9 Grammatical Pitfalls


[dee-puh n] /ˈdi pən/
verb (used with object), verb (used without object)
to make or become deep or deeper:
Larger ships will be able to navigate the river after the main channel is deepened. The shadows deepened toward late afternoon.
Meteorology. to decrease in atmospheric pressure:
a deepening cyclone.
Origin of deepen
1595-1605; deep + -en1
Related forms
deepener, noun
deepeningly, adverb
overdeepen, verb (used with object)
undeepened, adjective Unabridged
Based on the Random House Dictionary, © Random House, Inc. 2015.
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Examples from the web for deepen
  • It will deepen their understanding of their own problems, and the problems of those who are unlike them.
  • The pair also agreed to an effort to deepen mutual understanding of each other's language and culture.
  • Such liberation of access can only enrich and deepen the historical imagination-extending its nourishment to new audiences.
  • Tyranny was inherently distasteful, but worse than that, dictatorship could deepen the opposition and aid the communist cause.
  • Then there is always the possibility that the life will throw light on the books and deepen our understanding of them.
  • To deepen the wound, they had contrasting acting habits.
  • Or use a dark beer instead of the wine to deglaze the pot and deepen the flavor.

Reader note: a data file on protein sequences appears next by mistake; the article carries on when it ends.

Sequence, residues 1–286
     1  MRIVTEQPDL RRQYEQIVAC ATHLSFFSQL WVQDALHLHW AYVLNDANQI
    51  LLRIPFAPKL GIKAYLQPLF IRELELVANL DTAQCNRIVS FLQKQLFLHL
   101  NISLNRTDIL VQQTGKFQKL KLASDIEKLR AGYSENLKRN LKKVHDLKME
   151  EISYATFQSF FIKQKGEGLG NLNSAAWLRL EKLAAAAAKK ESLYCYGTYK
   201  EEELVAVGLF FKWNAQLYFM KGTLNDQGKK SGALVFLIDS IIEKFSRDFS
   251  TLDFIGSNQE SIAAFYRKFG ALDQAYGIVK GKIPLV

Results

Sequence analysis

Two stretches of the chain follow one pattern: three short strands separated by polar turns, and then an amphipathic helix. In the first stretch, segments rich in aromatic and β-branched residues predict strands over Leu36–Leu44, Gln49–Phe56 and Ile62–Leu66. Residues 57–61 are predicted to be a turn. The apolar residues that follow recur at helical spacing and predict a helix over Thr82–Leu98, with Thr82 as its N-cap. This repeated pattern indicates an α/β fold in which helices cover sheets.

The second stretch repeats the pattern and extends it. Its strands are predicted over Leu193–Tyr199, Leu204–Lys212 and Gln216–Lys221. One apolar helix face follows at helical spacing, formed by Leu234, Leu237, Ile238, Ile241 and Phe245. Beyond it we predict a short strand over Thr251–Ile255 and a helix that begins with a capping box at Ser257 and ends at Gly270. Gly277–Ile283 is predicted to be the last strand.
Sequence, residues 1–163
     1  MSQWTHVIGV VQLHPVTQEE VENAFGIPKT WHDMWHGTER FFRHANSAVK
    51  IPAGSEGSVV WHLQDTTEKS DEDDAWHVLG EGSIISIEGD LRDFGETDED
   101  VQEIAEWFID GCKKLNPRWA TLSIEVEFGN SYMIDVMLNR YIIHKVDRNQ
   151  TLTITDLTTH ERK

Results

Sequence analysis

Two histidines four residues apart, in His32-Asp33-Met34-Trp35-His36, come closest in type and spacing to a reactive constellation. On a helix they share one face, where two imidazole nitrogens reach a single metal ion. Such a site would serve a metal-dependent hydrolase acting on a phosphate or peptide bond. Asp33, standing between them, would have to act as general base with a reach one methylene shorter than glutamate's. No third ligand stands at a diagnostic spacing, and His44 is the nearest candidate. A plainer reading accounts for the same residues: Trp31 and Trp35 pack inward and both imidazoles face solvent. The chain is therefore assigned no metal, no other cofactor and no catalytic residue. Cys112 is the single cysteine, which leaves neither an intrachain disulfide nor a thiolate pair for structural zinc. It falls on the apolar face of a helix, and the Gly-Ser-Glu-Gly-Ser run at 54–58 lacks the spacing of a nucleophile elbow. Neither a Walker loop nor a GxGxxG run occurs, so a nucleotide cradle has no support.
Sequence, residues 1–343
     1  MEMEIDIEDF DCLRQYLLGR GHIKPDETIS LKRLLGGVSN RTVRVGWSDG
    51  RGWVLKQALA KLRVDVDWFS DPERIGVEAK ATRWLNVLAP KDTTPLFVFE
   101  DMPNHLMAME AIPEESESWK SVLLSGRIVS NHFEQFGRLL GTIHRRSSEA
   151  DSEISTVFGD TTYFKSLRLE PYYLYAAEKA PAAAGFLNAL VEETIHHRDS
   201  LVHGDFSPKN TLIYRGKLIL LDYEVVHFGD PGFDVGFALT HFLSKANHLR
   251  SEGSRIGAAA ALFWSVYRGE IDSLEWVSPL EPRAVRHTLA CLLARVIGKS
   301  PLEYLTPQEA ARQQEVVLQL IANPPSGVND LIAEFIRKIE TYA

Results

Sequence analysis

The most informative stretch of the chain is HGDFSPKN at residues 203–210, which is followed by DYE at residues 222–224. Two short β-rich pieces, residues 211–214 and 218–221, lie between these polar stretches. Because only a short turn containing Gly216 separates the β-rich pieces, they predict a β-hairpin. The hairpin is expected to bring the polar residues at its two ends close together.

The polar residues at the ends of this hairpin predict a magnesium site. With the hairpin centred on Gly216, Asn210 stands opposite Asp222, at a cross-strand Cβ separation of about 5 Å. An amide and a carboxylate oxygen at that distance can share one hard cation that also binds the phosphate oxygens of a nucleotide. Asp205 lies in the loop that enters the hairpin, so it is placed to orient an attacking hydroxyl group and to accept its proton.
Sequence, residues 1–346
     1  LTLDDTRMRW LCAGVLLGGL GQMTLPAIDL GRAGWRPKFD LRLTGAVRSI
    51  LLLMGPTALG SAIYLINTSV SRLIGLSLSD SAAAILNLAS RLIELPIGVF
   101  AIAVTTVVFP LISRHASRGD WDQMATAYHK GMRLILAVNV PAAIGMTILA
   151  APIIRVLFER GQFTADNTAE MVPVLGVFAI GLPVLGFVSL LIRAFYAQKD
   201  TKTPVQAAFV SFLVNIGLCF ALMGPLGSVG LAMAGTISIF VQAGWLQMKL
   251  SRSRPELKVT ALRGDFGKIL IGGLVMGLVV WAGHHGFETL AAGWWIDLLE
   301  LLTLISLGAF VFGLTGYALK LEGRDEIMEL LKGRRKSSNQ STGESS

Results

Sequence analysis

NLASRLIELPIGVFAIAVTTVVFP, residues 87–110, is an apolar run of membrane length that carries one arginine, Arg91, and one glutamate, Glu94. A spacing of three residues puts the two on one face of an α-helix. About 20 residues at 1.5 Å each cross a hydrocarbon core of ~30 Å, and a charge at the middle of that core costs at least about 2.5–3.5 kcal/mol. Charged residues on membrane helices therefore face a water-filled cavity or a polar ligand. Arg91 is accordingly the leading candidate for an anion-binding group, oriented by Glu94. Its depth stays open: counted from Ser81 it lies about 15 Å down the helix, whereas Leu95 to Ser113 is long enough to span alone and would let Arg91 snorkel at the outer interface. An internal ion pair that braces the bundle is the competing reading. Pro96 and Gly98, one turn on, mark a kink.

• Until such testing is completed, it seems the intrigue and the accusations will only continue to deepen.
  • The state environment regulator is withholding permission to deepen it.
  • Were deflation to deepen, real interest rates would rise, further hampering economic activity.
British Dictionary definitions for deepen


to make or become deep, deeper, or more intense
Derived Forms
deepener, noun
Collins English Dictionary - Complete & Unabridged 2012 Digital Edition
© William Collins Sons & Co. Ltd. 1979, 1986 © HarperCollins
Publishers 1998, 2000, 2003, 2005, 2006, 2007, 2009, 2012
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Word Origin and History for deepen

c.1600, from deep (adj.) + -en (1). Related: Deepened; deepening. The earlier verb had been simply deep, from Old English diepan.

Online Etymology Dictionary, © 2010 Douglas Harper
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